Print Edition - 2014-06-17 | MONEY
NPC proposes implementing seven-year plans from 2016
Jun 16, 2014-
The National Planning Commission (NPC) has finalized the third periodic plan which went into effect from the current fiscal year. The commission has recommended that the government make seven-year plans after the current plan ends. NPC Vice-Chairman Govinda Pokharel said that the NPC had proposed introducing seven-year plans as per the country’s target to graduate to developing country status from the current designation of least developed country (LDC).
The current periodic plan, which is at the stage of an approach paper with its complete form still being prepared, will end in mid-July 2016. The approach paper has advanced the deadline of becoming a developing country to 2022 from the previous 2030. “We plan to become a developing country within the next plan period,” said Pokharel. This is the first time that the NPC has proposed introducing a seven-year plan while a majority of the periodic plans have lasted five years.
The government has been working on the budget for the next fiscal year, and the new leadership at the NPC has brought up the idea for possible inclusion in the financial plan. If the next periodic plan is prepared for seven years, it will end in 2023, a year after the targeted deadline of graduating Nepal to developing country status.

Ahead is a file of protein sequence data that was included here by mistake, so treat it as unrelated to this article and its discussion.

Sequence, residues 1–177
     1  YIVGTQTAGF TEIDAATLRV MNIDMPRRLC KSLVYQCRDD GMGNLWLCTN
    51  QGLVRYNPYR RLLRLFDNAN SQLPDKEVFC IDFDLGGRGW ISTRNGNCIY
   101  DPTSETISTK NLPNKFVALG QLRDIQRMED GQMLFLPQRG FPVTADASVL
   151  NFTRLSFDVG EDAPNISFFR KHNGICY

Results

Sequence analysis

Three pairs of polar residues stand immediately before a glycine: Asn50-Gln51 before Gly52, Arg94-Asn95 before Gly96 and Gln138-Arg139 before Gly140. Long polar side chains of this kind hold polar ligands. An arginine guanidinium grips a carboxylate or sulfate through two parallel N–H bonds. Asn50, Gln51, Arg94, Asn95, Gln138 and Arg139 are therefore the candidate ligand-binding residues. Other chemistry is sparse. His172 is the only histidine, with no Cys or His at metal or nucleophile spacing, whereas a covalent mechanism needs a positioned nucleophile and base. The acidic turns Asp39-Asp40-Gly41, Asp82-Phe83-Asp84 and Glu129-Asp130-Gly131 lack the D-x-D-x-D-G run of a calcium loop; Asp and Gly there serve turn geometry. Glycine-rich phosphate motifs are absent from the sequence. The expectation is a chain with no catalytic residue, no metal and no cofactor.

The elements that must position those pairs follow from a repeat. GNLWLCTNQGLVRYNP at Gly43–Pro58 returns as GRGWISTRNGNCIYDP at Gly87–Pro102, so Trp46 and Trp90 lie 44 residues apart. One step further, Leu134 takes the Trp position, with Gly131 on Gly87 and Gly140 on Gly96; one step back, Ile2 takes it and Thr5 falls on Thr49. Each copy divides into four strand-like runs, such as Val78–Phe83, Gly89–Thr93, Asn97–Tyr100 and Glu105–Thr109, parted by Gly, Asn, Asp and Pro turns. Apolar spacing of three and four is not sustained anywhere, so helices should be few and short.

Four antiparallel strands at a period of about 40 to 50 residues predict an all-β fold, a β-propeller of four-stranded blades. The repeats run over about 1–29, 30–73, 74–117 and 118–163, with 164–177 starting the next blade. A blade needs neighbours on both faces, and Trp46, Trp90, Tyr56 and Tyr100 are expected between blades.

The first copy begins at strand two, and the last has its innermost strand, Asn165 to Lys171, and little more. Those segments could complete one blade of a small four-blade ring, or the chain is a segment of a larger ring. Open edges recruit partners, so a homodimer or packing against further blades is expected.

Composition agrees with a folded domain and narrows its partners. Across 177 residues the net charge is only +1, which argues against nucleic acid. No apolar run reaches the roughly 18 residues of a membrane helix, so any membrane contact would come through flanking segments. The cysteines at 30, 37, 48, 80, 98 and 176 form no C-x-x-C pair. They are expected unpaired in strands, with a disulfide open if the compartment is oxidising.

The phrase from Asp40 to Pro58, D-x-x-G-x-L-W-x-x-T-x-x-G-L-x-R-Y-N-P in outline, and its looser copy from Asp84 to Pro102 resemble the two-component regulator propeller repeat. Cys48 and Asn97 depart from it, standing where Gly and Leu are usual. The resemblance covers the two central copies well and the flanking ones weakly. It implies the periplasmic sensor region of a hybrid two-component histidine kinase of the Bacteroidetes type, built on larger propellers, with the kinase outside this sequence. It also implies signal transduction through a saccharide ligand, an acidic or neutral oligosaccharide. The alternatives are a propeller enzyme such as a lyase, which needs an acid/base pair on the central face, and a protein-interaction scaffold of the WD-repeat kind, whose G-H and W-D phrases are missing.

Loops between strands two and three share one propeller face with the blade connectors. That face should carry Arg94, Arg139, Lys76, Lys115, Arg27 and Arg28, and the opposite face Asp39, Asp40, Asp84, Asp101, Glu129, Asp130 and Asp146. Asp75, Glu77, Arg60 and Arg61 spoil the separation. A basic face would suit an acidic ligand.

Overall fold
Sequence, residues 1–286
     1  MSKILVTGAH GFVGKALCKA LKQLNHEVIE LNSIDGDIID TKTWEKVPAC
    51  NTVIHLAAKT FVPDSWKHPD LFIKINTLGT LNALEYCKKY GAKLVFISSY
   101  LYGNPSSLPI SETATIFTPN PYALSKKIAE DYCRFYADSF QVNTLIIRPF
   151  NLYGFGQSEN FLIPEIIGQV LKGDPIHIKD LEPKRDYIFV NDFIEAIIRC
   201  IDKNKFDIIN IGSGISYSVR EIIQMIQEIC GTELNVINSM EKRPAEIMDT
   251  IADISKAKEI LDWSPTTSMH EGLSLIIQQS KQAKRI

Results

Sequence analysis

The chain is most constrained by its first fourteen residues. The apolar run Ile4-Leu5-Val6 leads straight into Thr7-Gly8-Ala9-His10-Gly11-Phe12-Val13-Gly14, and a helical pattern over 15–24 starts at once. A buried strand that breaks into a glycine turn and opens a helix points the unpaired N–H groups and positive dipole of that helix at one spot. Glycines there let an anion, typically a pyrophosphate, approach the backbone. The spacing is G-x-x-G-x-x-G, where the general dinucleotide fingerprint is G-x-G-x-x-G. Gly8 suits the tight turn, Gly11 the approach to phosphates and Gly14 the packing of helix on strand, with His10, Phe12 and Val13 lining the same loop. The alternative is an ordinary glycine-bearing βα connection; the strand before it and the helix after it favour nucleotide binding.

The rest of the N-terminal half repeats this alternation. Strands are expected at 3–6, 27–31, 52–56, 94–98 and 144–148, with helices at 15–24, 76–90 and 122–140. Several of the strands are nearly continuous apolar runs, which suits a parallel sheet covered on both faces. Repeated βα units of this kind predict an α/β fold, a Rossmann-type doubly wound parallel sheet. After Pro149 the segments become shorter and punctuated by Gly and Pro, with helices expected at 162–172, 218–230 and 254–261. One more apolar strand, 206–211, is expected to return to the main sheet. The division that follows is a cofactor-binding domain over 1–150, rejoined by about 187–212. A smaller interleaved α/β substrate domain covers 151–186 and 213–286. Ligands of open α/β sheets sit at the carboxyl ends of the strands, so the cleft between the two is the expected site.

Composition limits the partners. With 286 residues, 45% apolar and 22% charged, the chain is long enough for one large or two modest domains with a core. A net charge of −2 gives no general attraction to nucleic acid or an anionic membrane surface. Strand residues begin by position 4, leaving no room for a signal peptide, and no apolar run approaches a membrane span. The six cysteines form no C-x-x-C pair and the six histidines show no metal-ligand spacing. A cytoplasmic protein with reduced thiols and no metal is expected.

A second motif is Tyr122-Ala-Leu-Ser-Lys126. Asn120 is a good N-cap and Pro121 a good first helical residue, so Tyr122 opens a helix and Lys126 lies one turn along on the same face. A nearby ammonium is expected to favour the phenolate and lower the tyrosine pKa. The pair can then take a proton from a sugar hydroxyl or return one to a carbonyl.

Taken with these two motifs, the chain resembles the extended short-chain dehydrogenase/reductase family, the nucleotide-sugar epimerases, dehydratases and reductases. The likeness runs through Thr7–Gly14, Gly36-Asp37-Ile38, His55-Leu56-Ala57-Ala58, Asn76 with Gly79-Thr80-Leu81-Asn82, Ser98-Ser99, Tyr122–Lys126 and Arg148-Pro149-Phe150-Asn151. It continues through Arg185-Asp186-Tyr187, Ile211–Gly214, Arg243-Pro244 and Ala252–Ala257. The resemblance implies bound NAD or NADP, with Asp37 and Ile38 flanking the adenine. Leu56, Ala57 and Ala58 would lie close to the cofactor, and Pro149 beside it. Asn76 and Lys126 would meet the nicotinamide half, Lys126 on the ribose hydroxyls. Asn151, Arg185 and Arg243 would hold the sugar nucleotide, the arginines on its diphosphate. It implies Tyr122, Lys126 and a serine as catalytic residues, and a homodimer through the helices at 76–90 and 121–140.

To graduate from an LDC to developing country, Nepal will have to invest heavily, particularly in the infrastructure sector, according to a need assessment analysis done by the NPC. Investments totalling Rs 9,696 billion (at constant prices) will have to be made to attain the gross national income target until 2021-22.
Although experts have explained the reason for elongating the plan period as supporting the effort to advance from LDC status, they said that such a stretched-out scheme may not be practical as it would be difficult to predict allocation of resources over a long term.
Former vice-chairman of the NPC Shankar Sharma said that a vision document or need assessment for seven years would be a good move, but preparing a plan for such a long time would not be practical.
“From the perspective of predicting resource allocation, planning for three years is practical. Predicting resource allocation for five years is difficult, and doing so for seven years is almost impossible particularly in Nepal’s context where the situation can change overnight,” said Sharma.
In the past, five-year plans would be made, and to make allocation of resources more predictable, three-year medium-term expenditure frameworks would also be prepared.
Published: 17-06-2014 09:40